GoodRx is 100% free. No personal information required.
Opioids: Controversial for Chronic Pain
– Problem of tolerance
-loss of benefit with time
-escalating usage despite decreasing function and increasing side-effects in some individuals
-the possibility of developing addiction
-Can affect breathing and lead to respiratory depression and even death
-some antidepressants appear to strengthen the system that inhibits pain transmission
-antidepressants that increase norepinephrine seem to have better pain relieving capabilities than those that increase serotonin
-reduce anxiety, help sleep, not addictive
Tricyclic Anti-depressants (Elavil): Side effects include drowsiness, dry mouth
-*Mixed serotonin and norepinephrine reuptake inhibitors or SNRIs (Cymbalta, Effexor) – Reportedly best for chronic pain
Antiepileptic (Anticonvulsant) Drugs
–Neurontin, Lyrica, Tegretol
Leads to less firing of the nerve and hence less capability of the nerve to trigger pain.
Salycitates– mild anti-inflammatory effects
– Aspercream or Sportscream
Counter-Irritants– stimulate nerve endings in the skin to cause feelings of cold, warmth, or itching. This produces a paradoxical pain-relieving effect by producing less severe pain to counter a more intense one- menthol, camphor, eucalyptus oil, turpentine oil, *capsaicin
NSAID –Voltaren gel
Lidocaine Patches- blocks transmission of nerve messages. It acts as an anesthetic, an agent that reduces sensation or numbs pain
Low-Dose Naltrexone or LDN (opioid antagonist: blocks the action of narcotics)
-low side-effect profile
-helps with nerve and muscle pain
-cannot be taken with opioids
Medical Marijuana- Controversial
I am not a doctor….not even close. But, I do have personal experience with chronic pain. I have not given an exhaustive list of all pain management medications or strategies, only those I have tried or done research on. I do know however that a multidisciplinary and active approach to pain is a must: Eating a well-balanced diet, sleeping enough, learning coping skills, reducing stress, getting support, using your mind to reduce your pain. It takes work, but with patience, the right attitude and determination, a meaningful and joyful life can be had in the midst of unyielding pain.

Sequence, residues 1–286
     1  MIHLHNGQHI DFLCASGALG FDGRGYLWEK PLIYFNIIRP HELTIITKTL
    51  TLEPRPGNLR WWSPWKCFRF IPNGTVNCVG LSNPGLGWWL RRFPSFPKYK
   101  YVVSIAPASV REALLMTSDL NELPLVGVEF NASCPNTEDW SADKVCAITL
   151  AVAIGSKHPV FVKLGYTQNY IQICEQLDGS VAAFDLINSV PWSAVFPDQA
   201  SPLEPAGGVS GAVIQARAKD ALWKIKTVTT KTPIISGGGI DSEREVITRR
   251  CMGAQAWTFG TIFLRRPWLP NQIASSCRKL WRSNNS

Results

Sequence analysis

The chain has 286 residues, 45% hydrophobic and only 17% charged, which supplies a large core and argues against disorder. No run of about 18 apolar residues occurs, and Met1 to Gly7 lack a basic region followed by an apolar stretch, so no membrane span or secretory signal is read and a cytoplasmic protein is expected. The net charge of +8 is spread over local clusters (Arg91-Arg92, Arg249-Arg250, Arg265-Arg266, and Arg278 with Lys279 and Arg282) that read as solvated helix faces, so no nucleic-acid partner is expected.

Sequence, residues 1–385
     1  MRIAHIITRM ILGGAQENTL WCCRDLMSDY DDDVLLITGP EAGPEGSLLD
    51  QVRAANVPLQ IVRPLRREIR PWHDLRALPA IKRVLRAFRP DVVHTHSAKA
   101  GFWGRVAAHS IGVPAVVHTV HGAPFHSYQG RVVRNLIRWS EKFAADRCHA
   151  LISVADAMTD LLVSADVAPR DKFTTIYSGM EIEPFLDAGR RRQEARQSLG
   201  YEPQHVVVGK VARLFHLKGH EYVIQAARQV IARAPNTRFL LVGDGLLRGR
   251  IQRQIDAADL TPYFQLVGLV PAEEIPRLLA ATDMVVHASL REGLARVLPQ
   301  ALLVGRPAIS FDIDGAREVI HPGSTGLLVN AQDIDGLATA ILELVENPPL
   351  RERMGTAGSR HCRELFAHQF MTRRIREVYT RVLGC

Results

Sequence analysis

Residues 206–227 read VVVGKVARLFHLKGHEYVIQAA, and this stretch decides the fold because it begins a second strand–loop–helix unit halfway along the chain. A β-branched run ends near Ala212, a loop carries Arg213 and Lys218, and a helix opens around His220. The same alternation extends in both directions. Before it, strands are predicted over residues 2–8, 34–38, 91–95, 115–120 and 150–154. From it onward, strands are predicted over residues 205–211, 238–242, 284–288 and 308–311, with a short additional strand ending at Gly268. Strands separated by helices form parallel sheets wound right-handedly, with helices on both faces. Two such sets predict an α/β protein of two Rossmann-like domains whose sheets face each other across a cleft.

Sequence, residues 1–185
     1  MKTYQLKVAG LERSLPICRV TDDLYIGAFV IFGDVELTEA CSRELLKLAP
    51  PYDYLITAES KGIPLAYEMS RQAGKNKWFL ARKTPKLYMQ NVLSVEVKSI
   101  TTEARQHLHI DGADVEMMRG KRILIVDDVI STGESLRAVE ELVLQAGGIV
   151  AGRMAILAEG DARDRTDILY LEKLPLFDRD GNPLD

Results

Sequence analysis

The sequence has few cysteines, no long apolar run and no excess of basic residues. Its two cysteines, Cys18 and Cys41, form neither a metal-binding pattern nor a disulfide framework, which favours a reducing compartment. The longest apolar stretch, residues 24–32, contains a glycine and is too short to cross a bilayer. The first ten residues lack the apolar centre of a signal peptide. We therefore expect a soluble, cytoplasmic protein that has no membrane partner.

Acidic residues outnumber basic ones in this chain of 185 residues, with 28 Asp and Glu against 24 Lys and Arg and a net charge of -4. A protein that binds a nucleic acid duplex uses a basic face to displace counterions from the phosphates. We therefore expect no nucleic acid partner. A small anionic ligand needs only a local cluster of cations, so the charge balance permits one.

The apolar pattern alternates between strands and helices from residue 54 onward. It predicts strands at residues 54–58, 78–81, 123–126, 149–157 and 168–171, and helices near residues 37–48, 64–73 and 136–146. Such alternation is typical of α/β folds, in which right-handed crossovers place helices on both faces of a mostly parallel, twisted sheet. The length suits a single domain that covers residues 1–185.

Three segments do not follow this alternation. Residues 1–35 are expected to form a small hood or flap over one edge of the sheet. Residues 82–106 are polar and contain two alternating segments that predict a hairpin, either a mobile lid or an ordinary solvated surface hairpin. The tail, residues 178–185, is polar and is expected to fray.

I just spent a week in in Burlington, VT, the town where I was born and raised. The flight seemed longer than usual, which is often the case when I’m excited about returning “home.” The second leg of the journey is always made in the tiniest of aircraft’s, where I had to slouch over big time when getting to my window seat so as not to bang my head on the overhead, or in this case, in-your-face bins. Seated, the tray table arched over my long legs, refusing to lay flat. The attendant was coming down the aisle with drinks- thank God. My throat was parched and I felt really dehydrated, so I asked her for 2 glasses of ice water. Obliging, she placed both cups on my tilted table. I was able to balance the 2 quite nicely until I didn’t. My knee jerked and the rest is history. One of the my icey drinks slid right off the back of the arched tray, spilling entirely on my right foot. Merde. That was a total “me” move. Greed gets you nowhere.
Cursing rapid fire inside my head, I walked, hunch back, down the narrow aisle to the tiny bathroom. Locking the door, I sat on the toilet seat and attempted to get that shoe off, but both knees were so wedged up against the door, I could barely lift my leg. When I finally got my clown shoe off, I struggled with the soaking wet sock, as if it were a living slimy sucker fish trying to swallow my foot whole. It just did not want to come off. I pulled and pulled and finally, the sock flew off my foot, hit the door, and slid to the very unhygienic floor. Gross. I quickly stuffed paper towel into the toe area to dry the shoe because the plane started to jolt back and forth, like a mechanical bull. Just an FYI: riding a mechanical bull is the last thing in the world I wanted to do then or ever.
Riding the waves of turbulence, I staggered back to my seat and fastened my seatbelt. I took several deep breaths, popped my earbuds in and watched the rest of Twin Peaks. About 30 minutes later, we arrived safe and sound and I felt pretty good considering the frostbite one gets from wearing a wet, now frozen sock for an extended period of time.